When people discover that I have embarked on a new career in marketing they react in one of a few ways:
marketing huh? do you like it?
...you sure you won't come back to engineering?
wow you went over to the dark side
*looks around* shhhhh! don't say that! you are technical and still kind of an engineer
I am left with the impression that the only thing worse than being a tech marketer is being in tech sales or recruiting...
It is disrespectful at worst and inaccurate at best when engineers and technologists routinely dismiss the entire discipline of marketing/marketers...what these people (I think) really mean is they've suffered from poorly executed campaigns or manipulative marketing schemes or dark UX patterns or when marketing is used for evil purposes.
What irks me about the generalization is that the whole entire point of marketing is getting a relevant message delivered to the right audience. We aren't really doing our jobs when the recipient is annoyed, frustrated or walks away with a negative impression of the company/product/brand/rep.
OK with that in mind let's examine an brilliant example of marketing, for a B2B SaaS Platform intended for a very different audience than you
Note I'm not delving into my thoughts about Workday as a product or employer
While mining old magazines for snippets during a collage making phase I stumbled upon an issue of Golf Digest. My interest was piqued since I am the absolute opposite of the typical readership and figured by flipping through the pages I could get a peek into another universe. boy howdy was it ever.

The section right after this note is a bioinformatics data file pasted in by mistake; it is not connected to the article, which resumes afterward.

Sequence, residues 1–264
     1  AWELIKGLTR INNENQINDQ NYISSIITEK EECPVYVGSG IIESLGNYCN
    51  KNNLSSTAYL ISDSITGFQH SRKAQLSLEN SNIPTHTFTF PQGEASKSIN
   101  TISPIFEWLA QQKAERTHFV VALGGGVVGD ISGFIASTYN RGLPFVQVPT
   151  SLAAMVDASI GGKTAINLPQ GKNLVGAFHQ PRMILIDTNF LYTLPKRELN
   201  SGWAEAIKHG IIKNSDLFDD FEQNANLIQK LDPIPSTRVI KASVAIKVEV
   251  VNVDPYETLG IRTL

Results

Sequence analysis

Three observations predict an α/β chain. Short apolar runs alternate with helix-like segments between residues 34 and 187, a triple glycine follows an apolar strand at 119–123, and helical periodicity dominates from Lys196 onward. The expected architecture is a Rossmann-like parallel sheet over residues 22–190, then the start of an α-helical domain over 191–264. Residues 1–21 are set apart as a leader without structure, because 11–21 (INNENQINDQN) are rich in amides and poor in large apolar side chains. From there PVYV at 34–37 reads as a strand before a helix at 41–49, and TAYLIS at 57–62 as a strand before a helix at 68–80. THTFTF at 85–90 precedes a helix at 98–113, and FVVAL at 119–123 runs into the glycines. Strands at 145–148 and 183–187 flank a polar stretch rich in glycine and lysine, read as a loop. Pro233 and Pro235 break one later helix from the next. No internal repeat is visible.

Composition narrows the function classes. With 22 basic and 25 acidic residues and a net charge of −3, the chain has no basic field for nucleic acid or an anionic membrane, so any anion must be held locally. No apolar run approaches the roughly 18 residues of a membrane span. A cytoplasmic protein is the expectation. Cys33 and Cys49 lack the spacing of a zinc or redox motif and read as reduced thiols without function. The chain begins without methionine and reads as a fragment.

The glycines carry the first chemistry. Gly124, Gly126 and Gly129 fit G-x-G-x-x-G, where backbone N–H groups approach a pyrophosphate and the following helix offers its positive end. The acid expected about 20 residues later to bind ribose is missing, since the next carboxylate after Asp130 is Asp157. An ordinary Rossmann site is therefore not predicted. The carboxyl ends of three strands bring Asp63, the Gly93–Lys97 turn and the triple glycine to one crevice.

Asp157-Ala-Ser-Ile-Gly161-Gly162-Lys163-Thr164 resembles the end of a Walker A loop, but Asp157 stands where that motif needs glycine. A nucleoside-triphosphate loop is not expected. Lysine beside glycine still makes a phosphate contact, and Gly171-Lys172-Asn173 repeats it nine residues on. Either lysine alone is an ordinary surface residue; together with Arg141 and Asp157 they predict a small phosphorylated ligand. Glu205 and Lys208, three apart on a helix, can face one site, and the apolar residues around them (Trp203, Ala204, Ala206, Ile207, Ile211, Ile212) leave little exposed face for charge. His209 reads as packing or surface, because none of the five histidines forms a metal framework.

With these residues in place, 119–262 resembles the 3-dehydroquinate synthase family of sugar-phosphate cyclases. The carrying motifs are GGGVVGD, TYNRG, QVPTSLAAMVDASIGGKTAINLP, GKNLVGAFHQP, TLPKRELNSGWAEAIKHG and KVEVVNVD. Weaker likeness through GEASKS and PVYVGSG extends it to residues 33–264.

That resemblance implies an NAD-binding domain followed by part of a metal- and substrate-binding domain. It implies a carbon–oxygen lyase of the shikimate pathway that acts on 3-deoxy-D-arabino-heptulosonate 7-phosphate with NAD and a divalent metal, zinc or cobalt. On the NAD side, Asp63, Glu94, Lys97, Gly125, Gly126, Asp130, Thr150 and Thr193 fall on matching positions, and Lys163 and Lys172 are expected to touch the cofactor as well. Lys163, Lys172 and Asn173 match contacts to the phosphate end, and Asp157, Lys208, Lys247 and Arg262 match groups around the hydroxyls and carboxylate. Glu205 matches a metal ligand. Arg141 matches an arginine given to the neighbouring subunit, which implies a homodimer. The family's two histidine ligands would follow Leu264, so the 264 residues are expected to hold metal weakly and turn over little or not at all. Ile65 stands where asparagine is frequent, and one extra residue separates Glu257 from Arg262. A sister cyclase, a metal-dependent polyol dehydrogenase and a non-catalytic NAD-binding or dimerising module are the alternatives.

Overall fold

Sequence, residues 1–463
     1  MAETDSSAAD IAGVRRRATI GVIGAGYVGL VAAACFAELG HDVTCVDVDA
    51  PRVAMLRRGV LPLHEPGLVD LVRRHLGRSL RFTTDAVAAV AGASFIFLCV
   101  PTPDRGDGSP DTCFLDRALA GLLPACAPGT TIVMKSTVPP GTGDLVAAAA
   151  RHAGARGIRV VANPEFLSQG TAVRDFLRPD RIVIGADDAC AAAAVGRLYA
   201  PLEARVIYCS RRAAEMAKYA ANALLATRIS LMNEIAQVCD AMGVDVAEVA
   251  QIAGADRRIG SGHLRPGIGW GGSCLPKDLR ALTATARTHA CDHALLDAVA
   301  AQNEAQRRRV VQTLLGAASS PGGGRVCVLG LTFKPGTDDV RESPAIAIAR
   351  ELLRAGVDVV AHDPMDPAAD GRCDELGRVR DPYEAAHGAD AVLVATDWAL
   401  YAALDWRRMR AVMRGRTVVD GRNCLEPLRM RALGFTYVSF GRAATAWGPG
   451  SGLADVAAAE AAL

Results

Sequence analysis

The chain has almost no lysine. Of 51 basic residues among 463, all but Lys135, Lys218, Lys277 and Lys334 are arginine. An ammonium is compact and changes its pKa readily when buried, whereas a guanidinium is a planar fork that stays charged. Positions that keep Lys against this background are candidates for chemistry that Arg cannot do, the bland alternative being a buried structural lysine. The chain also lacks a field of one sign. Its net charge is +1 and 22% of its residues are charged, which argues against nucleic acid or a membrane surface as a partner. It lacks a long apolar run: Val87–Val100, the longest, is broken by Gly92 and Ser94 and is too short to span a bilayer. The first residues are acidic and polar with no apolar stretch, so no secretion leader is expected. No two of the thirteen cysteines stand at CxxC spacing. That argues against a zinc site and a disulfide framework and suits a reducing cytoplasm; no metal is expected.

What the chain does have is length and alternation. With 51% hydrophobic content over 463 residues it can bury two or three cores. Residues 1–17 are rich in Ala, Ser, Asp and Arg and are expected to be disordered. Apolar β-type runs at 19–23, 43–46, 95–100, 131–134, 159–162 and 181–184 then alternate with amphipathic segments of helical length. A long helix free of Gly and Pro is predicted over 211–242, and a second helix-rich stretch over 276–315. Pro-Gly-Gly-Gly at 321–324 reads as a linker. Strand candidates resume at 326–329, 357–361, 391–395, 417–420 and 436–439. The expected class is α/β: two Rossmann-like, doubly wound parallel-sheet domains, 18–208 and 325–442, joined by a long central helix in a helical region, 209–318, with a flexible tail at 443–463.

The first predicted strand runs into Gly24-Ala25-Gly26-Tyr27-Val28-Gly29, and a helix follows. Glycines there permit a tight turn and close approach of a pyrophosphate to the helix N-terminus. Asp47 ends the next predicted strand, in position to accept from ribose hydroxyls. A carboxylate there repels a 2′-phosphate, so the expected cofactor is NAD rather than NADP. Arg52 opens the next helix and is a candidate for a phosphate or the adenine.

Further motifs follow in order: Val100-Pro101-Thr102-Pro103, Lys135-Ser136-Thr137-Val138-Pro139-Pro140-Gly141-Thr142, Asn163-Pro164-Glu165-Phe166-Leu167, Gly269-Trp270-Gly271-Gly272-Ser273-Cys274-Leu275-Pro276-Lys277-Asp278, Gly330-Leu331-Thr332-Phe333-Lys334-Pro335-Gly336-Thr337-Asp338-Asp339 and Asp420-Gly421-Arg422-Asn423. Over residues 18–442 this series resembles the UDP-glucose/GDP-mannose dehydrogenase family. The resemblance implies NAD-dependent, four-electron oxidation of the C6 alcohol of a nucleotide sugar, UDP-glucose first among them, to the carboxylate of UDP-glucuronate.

ads had vibes of masculinity, expensive/quality and general executive fanciness totally counter to what I am marketed to a as a feminine millennial crafter in the pacific northwest that works in tech. one particularly unsavory advert that is forever stuck in my mind was for a golf club set called the "Sugar Daddy II".
But then there was a full page advert that stopped me in my tracks. Gaze upon its magnificence below
What in the world was a software company doing advertising to Golf Digest readers? Then it dawned on me.
This is marketing done very well.
The target audience of golf content and this magazine appeared to be wealthy dudes who were likely business executives like COOs or heads of companies.
It ultimately is this cohort at the top who have the power of the purse. Convincing them goes a loooooong way vs. having to convince someone at the individual contributor or middle manager level that this new software is "the way" and having them convince their boss and so on.
The first thing I admire about this ad is the tagline - it clearly connects the dots for the reader relating purchasing this B2B SaaS business software to the clubs in their golf set - something the audience immediately understands.
The next is that once you're hooked, in small text is a terse explanation of what all Workday does (an executive summary if you will) and still carries through the theme of the "best club in your set" sort of deal.
Relevant message at the right level in a specific channel - this is effective marketing!
Me + Marketing
While on a radical sabbatical last spring I was recovering from burnout and was looking for a role that was a blend of new frontiers to explore while relying on my strengths and existing knowledge so I could put my career in cruz control and direct more energy to life goals. In my case this means opening and sustaining a vertically integrated alpaca farm and fiber and textile mill and contribute to a cooperative circular economy promoting creative reuse. Anyways....